I highly recommend Goizueta MBA program. I completed the 1YR MBA program this year. 

    – All of the large consulting, finance and marketing companies/firms recruit on campus. –  The employment numbers are outstanding (Within one month of graduation over 90% already have job offers).  – Nearly 40% of the class is international, that are from dozens of countries.- Integration of innovative learning experiences into the curriculum.  (Keystone leadership experience, Goizueta Leadership Academy, Mandatory international course, Mid-Semest foreign and local modules, directed studies, cross-school course availability, Centers (Marketing Analytics, VC, Alt. Investments, Real Estate, etc.).- The most substantial benefit is that MBA alumni are expected to assist current students in their career search.  I found the alumni exceptionally helpful and willing to assist.  (This is a strong contributor to the high employment statistics).

    Here are a couple of articles about the program from a student (inside) and publisher (outside) perspective:

    JM Gordon

  • Question

    Does anyone have thoughts on the program at Georgetown McDonough?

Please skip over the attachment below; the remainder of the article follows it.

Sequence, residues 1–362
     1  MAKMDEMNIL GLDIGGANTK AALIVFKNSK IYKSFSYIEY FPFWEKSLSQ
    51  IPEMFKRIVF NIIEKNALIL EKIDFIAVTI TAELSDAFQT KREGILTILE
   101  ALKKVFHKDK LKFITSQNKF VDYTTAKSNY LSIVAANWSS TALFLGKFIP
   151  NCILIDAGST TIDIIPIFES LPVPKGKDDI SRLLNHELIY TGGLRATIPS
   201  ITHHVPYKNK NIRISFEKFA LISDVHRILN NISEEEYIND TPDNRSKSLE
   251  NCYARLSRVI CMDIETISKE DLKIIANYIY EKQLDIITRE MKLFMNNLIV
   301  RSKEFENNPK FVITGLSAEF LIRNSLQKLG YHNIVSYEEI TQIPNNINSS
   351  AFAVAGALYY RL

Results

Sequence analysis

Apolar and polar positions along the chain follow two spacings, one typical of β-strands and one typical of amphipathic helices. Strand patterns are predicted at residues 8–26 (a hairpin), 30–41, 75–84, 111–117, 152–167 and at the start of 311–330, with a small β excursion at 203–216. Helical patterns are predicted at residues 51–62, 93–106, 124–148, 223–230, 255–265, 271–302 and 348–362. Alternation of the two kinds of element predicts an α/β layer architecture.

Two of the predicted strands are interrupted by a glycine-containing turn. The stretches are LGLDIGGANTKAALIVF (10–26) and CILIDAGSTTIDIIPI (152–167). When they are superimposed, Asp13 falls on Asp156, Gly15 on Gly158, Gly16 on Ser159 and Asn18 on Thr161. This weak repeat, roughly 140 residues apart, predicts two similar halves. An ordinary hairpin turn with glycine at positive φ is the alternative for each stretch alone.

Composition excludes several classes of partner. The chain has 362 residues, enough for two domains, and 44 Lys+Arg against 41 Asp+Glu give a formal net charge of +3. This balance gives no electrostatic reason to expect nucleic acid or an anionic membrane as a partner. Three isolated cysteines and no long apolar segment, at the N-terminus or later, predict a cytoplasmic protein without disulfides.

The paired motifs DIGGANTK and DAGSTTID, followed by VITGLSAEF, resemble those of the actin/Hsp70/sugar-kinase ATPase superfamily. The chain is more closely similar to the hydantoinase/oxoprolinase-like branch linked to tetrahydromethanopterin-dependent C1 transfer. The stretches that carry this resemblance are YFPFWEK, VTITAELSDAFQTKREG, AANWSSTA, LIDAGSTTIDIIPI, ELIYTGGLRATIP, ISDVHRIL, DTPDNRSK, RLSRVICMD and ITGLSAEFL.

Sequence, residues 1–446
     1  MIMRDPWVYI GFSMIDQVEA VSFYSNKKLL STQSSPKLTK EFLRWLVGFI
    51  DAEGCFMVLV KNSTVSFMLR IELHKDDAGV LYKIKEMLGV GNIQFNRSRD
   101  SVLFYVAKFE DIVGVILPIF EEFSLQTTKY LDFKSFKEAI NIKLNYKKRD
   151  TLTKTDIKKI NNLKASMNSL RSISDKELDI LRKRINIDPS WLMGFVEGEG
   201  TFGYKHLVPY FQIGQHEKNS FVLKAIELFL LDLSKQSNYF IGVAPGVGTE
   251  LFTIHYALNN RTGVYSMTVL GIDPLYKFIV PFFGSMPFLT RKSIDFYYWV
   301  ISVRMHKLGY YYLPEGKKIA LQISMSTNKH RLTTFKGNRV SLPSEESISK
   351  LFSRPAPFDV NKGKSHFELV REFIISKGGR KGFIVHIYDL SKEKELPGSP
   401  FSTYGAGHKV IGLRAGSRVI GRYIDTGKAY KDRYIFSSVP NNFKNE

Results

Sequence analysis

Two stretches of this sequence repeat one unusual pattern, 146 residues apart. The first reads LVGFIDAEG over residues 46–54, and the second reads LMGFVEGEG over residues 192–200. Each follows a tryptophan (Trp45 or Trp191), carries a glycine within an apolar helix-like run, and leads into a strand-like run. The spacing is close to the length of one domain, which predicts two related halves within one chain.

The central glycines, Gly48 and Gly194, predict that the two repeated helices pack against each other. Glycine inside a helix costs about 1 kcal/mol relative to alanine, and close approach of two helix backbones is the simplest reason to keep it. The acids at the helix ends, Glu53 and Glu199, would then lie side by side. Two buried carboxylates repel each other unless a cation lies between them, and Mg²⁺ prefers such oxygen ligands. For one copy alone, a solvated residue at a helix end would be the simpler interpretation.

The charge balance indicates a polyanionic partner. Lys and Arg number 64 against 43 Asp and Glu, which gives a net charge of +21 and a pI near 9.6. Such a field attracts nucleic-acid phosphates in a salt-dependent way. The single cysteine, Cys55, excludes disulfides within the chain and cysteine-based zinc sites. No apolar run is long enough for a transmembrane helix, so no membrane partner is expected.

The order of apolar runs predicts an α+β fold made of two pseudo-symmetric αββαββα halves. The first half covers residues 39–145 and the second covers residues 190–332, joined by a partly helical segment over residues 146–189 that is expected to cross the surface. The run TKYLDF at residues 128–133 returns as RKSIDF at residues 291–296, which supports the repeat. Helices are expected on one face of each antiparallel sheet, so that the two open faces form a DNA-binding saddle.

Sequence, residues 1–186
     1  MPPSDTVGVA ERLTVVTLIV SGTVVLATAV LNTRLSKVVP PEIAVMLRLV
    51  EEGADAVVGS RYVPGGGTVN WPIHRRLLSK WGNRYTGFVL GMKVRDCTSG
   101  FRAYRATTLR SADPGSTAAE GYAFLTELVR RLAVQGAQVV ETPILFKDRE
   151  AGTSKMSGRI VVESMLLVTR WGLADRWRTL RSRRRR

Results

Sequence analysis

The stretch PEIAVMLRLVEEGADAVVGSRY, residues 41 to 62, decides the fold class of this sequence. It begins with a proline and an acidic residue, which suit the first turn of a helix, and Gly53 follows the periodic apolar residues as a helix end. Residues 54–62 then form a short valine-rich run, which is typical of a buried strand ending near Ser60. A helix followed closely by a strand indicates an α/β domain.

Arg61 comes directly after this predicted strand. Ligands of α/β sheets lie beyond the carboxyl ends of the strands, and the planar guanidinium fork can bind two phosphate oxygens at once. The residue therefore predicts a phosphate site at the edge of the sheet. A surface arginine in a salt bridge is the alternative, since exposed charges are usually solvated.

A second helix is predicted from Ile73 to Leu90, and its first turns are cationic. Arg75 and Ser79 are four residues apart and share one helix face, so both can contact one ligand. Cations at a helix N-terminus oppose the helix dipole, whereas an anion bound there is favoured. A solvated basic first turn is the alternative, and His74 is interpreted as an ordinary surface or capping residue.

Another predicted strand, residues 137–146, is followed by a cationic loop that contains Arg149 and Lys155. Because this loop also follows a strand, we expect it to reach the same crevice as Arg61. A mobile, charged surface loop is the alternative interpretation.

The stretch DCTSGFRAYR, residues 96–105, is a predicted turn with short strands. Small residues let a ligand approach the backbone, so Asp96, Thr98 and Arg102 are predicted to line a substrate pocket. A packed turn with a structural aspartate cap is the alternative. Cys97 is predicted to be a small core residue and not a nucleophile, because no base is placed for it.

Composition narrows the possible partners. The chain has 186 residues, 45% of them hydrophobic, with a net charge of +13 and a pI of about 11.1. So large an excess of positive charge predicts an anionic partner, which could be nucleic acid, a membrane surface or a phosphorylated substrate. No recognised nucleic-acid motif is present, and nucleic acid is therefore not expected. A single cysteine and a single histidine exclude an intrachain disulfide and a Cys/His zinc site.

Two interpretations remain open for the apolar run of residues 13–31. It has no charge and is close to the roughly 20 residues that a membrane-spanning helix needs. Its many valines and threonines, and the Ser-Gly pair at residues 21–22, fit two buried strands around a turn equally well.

• Kumar

    Are you saying that Foster School of Business is much better than HBS/Stanford/Wharton combined in sending graduates to Amazon and Microsoft?! Is it really true?

  • Nahid Islam

    Anybody give me the information which university will be better for MBA course in USA as well as the cost,requirements etc……………………………???????????????????????

  • Jake Murray

    My dad is bigger than your dad….who cares! All of you care way too much about rankings. Rather, it seems more wise to use them to learn about a school and where they stand in a general sense. It’s just very petty the way prospective and current students debate the rankings. We all know HSW are the top schools, but after that there are like 12 schools that are considered best of the best. OK, now go find which one you like the best.